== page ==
Imaging Sensors in Life Sciences Applications
Innovations in imaging sensor technologies continue to open up new possibilities for image capture, observation, and discovery in the life sciences. From cellular biology to robot-guided surgeries, sensors are enhancing the capabilities of imaging devices and applications. Vision systems offer many benefits to life sciences applications for improving efficiencies too, such as maintaining quality control, minimizing costs, and ensuring traceability.
The two principal sensor types leveraged in life sciences vision systems are CMOS (complementary metal oxide semiconductor) sensors and CCD (charged coupled device). Each offer a unique set of capabilities and varying price points. Sensor selection is based on a number of factors - primarily sensor capabilities, component requirements, and cost. The recent trend is toward CMOS sensors, which are capable of high resolutions, higher frame rates, greater sensitivity, and low noise, all at a lower cost than CCD; however, sometimes the application requires CCD.
Top Sensor Selection Considerations
The main difference between CCD and CMOS sensors is the way in which they transfer the charge out of the pixel and into the imaging device’s ‘read out.’ CCD output is an analog pulse that is proportional to the intensity of the light. The charge is collected in the pixels and then shifted on the imager surface to the output. The result is high quality images that are less susceptible to noise. Each pixel of a CMOS sensor has several transistors that amplify and move the charge through the use of wires, making it more susceptible to noise. However, technological advances at the pixel level have resulted in game-changing performance of CMOS sensors, resulting in ultra-high sensitivity and low noise for higher, more reliable image quality.
Vision Sensors for Life Sciences Applications
Imaging sensors are used for a wide variety of life sciences applications, including but not limited to:
Medical and Dental Radiology
Radiology requires high-resolution image capture. To detect finer details for accurate diagnostics of medical anomalies at earlier stages, CMOS sensors are leveraged to significantly reduce treatment costs, improve patient recovery, as well as increase the probability of early illness detection and intervention.
Vision sensors are rapidly integrated into ophthalmology applications, using the latest techniques and therapies in the prevention and specialized treatment of conditions such as cataract, retinal detachment, and glaucoma, to name a few. Important requirements for imaging components in ophthalmology include, but are not limited to, consistency, sensitivity, reproducibility, a long service life, and superior image quality to accurately diagnose and treat eye conditions.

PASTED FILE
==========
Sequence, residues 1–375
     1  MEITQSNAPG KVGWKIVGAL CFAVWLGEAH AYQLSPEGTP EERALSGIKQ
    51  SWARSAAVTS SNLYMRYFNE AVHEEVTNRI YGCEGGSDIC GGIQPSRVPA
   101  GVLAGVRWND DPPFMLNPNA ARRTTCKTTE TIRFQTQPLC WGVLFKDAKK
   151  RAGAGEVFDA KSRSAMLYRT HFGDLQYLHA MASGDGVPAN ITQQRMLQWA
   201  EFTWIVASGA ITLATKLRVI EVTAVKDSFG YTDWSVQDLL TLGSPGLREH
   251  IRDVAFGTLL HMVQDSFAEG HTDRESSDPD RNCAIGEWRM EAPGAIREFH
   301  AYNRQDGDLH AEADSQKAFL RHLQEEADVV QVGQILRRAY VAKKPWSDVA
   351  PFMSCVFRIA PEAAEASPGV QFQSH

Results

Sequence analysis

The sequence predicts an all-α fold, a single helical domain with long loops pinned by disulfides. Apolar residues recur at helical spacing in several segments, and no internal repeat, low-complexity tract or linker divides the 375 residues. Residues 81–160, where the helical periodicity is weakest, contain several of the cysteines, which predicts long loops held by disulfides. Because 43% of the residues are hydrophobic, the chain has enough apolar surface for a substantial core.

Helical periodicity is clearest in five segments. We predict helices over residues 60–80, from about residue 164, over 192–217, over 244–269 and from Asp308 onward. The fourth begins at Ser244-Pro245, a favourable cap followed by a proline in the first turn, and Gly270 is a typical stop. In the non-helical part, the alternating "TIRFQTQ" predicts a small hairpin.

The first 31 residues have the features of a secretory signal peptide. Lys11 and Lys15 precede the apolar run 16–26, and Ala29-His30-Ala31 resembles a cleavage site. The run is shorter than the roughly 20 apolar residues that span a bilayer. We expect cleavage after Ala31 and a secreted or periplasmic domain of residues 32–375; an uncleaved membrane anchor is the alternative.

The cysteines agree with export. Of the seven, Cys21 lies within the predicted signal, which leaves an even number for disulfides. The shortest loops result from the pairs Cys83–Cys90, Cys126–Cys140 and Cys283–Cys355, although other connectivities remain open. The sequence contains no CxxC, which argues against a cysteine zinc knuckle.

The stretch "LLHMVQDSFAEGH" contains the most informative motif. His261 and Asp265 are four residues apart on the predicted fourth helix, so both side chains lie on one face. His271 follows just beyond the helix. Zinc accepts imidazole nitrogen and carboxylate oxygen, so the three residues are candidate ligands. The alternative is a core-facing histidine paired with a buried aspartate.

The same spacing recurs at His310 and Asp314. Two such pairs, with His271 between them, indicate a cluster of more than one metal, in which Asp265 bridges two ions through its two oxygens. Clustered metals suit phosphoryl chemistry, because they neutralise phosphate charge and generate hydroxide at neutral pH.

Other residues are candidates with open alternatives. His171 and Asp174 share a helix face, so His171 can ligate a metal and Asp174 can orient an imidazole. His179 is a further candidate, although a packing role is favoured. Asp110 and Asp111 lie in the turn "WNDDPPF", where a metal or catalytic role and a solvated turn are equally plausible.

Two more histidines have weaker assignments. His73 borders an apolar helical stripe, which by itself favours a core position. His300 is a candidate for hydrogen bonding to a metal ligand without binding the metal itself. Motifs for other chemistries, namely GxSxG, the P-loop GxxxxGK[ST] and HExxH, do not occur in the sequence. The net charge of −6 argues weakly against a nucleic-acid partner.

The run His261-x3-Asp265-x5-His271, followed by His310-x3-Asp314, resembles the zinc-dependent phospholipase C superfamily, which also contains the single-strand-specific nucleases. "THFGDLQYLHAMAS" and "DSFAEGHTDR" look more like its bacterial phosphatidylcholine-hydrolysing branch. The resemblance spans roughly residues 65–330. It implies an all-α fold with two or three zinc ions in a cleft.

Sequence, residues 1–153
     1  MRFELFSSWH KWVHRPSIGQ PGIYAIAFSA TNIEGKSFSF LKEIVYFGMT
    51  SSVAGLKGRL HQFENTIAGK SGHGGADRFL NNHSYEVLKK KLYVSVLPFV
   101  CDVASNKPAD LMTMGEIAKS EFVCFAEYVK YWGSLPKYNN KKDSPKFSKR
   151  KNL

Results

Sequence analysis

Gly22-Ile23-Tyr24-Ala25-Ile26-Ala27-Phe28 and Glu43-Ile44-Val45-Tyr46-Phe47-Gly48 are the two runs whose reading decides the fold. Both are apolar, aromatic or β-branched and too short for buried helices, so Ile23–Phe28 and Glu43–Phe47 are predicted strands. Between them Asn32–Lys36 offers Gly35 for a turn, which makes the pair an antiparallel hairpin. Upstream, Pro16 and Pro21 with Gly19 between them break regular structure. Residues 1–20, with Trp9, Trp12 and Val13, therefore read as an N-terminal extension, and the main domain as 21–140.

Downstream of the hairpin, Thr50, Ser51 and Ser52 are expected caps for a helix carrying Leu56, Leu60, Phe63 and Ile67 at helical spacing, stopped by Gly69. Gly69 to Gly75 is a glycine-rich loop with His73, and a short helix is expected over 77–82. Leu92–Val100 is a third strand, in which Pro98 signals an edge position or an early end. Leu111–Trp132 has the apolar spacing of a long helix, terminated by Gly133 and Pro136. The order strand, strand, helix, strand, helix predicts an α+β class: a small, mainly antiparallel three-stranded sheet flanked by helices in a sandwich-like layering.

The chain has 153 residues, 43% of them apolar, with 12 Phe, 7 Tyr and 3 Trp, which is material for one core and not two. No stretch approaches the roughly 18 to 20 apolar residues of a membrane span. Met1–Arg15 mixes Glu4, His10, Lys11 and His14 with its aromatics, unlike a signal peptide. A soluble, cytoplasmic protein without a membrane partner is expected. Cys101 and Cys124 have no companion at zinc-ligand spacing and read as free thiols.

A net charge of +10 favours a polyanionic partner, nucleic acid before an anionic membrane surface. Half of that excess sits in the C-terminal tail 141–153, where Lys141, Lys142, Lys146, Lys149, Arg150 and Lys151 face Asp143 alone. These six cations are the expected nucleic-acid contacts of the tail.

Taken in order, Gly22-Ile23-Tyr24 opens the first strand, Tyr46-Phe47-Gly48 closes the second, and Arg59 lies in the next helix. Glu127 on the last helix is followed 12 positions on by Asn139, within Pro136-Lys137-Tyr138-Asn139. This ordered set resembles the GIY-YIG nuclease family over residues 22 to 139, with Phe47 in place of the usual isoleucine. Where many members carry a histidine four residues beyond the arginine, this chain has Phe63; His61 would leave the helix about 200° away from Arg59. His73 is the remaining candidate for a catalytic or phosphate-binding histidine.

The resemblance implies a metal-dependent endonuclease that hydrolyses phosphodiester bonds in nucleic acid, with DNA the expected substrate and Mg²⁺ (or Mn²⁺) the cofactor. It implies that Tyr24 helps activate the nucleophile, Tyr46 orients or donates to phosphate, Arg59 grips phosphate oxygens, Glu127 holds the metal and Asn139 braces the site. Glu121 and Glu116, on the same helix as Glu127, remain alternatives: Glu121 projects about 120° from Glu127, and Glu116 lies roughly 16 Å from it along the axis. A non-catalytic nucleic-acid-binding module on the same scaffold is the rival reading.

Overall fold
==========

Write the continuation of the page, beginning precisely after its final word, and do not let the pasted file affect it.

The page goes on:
Radiotherapy and Fluorescence Applications
Low light imaging is required to detect metastatic cancer cells to determine the likelihood of them spreading throughout the body. State-of-the-art CMOS sensor technology makes it possible to “see” or measure tumor cell potential by detecting different signaling mechanisms related to metastasis with the help of fluorescence. In terms of treatment, fluorescence microscopy lights up tumor cells that have acquired high metastatic potential during chemotherapy and keeps the cells that are sensitive to chemotherapy or that have low potential dark and unlit.
Pathology and Research
Highest performance is required for image technology and vision sensors for scientific or medical diagnostics laboratory applications. 3D sensors allow for faster processing of analysis along with accuracy and superior image quality that are required for accurate diagnostics and research techniques. From simple applications like weighing, to complex vision requirements found in an imaging analysis device, sensors play an important role in pathology and research present in life sciences applications.
CMOS and CCD sensors both play critically important roles in life sciences applications, offering many advantages and state-of-the-art features for achieving medical and scientific breakthroughs. To meet the demanding requirements of life sciences applications, accurate, reliable, and high-performance cameras and vision sensors are required to improve efficiency and image accuracy.